Edward Norton co-stars in the movie and Edward Norton is fantastic. I’m all in on Ed effin’ Norton leading a group of firefighters into the biggest blaze they’ve ever seen. The conversations these dudes would have the night before is worth the price of admission alone.

Do you remember Backdraft?

Backdraft was about firefighters and Backdraft was the shit.

Smoke Jumpers could be the best firefighter movie since Backdraft, and if Smoke Jumpers were to ever get made and I saw it and felt the same way, the filmmakers could definitely use that quote when promoting the movie. You have my word.

Bottom Line: You had me at “the largest forest fire in Oregon history.”

Verdict: Let’s goooooooooooo Smoke Jumpers!


Okay, just like with Aquaman, we have a real-life parallel here, as we just had a Gatsby movie a couple years ago. That movie was cool. I’m not dying to see it again, but I didn’t mind seeing it once.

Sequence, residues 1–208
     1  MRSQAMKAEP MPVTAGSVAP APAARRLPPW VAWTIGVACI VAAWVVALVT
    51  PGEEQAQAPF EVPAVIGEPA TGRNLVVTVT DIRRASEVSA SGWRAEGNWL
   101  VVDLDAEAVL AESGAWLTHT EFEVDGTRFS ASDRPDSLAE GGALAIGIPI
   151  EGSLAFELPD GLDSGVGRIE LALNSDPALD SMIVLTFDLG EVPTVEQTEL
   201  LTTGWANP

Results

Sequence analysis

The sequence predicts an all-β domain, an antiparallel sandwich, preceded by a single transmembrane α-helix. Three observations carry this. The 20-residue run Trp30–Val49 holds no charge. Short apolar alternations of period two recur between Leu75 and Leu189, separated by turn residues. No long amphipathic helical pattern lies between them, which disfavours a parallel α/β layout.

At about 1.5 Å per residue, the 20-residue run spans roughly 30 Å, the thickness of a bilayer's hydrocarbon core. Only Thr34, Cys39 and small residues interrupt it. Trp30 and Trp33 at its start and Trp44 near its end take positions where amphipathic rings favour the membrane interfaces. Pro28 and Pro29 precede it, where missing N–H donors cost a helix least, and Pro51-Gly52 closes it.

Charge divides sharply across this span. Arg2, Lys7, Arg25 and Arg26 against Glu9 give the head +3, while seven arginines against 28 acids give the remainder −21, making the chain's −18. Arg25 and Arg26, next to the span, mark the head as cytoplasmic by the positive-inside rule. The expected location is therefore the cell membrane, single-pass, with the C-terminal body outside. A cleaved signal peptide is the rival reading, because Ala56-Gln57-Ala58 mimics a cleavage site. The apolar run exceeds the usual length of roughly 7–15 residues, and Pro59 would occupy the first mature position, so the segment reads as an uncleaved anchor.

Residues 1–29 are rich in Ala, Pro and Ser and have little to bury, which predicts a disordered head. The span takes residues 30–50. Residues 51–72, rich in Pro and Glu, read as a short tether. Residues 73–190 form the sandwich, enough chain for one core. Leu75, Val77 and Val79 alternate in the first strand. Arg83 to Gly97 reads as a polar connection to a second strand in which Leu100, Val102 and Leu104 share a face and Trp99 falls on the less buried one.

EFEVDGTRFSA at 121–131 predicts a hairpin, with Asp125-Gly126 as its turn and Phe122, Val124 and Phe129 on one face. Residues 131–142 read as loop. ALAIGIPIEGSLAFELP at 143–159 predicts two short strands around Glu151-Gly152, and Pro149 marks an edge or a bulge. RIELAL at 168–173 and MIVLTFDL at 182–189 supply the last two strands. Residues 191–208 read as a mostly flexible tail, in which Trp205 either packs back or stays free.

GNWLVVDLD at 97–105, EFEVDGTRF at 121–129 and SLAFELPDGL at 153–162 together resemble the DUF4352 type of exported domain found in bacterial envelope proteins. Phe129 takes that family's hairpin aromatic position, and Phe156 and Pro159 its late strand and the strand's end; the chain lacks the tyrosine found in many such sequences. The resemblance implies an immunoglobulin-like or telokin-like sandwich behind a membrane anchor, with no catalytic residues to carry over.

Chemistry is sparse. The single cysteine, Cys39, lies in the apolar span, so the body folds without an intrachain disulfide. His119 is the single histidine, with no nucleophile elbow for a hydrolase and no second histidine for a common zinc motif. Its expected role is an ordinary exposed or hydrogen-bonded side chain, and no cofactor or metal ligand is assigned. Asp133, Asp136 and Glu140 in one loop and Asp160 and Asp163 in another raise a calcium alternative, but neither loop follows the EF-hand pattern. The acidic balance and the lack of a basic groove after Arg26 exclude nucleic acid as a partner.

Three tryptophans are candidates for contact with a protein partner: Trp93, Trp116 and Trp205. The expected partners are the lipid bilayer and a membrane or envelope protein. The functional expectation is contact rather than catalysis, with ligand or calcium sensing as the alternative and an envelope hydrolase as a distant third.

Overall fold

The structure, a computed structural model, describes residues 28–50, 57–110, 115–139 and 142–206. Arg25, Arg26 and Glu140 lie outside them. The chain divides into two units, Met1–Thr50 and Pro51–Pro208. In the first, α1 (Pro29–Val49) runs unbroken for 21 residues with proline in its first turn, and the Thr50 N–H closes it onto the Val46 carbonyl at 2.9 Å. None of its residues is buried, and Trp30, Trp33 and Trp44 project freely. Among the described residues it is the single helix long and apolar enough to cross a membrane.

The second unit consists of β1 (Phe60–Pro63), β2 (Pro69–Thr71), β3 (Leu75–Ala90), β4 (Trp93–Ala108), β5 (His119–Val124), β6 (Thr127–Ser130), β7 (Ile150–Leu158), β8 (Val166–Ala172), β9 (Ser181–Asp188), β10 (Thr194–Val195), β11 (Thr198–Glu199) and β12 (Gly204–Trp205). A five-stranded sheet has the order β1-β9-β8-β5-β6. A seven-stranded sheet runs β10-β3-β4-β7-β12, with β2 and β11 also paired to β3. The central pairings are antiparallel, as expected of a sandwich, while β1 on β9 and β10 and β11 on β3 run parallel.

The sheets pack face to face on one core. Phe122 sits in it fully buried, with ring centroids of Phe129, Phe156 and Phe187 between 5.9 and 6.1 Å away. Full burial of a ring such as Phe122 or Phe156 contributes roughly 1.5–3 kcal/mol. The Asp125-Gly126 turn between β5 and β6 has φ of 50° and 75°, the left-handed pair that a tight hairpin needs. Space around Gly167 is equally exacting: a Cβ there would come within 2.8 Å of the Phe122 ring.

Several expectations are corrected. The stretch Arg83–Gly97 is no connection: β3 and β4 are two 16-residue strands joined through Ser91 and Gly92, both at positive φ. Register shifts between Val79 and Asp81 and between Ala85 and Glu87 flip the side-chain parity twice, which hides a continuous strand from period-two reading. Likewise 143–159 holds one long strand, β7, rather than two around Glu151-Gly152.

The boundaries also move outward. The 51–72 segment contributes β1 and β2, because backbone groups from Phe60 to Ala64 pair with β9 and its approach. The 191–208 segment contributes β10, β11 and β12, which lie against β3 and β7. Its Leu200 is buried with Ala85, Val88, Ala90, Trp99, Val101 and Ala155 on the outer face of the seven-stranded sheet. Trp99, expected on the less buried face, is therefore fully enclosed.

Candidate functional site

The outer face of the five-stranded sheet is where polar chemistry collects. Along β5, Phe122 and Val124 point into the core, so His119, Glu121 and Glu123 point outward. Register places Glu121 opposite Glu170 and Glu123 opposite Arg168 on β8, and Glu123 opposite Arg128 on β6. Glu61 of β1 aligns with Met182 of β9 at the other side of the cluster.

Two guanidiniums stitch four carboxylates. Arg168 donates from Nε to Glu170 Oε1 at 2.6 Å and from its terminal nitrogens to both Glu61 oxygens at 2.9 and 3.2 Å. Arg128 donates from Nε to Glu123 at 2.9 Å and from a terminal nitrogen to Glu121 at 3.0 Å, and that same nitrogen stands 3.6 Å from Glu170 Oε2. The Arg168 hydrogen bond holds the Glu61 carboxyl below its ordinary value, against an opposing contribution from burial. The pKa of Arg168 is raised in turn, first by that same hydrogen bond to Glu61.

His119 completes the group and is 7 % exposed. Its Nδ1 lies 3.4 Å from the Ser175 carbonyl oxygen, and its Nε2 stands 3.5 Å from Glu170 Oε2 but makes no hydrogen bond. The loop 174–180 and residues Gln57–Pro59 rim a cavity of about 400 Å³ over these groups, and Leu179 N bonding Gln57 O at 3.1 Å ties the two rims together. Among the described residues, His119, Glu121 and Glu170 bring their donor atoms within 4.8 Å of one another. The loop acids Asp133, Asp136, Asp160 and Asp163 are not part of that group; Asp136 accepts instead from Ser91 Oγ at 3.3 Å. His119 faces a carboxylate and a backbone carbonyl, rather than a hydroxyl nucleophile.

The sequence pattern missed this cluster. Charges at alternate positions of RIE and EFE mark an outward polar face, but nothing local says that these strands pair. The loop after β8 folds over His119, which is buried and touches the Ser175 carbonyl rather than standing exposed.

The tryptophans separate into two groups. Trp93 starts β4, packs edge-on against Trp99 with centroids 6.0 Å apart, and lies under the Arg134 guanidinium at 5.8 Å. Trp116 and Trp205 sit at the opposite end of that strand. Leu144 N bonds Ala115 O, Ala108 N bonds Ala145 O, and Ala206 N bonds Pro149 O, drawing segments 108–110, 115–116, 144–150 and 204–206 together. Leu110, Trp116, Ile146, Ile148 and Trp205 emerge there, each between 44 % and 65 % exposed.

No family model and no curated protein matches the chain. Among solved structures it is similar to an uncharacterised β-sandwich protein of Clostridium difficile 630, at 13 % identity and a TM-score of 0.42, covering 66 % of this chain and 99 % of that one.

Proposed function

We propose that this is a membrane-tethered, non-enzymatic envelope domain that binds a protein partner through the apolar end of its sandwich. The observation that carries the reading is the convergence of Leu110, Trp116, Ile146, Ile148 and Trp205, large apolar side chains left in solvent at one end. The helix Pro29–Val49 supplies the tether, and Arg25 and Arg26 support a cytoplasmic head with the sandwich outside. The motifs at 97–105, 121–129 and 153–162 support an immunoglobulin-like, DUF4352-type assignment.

The difference here is that the Entourage version of The Great Gatsby adaption is set in modern-day. Hey, they could use the soundtrack from that recent Gatsby if they wanted to. It didn’t really make sense for that one, but it could for a modern stab at the story.

Oh, and the Entourage version was directed by Martin Scorsese so let’s refresh for a second.

Gatsby was a modern-day retelling of The Great Gatsby directed by Martin Scorsese.

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Vince would play Nick Carraway, so I wonder who would play Gatsby? That’s important. That Gatbsy fella, he’s kind of a big deal.

But I trust that Scorsese (and Gus Van Sant, who was a producer) would have made the right call here.

Yeah, Gus Van Sant was a producer.

No wonder this movie did so well.

Bottom Line: Dude, it’s Martin Scorsese.

Verdict: Cheers!


Biopics can be dicey. For every Walk the Line or Raging Bull, there’s Oliver Stone’s epic shit tornado Alexander or the ill-advised sap fest that was Robin Williams’ Patch Adams.

It’s tough. You need to find that secret sauce that is the right subject matter, the right story of said subject matter, and the right people (i.e. directors and actors) to perform the right story of said subject matter.

Oh, and you need to at least be pretty honest about things. I’m looking at you, Bohemian Rhapsody.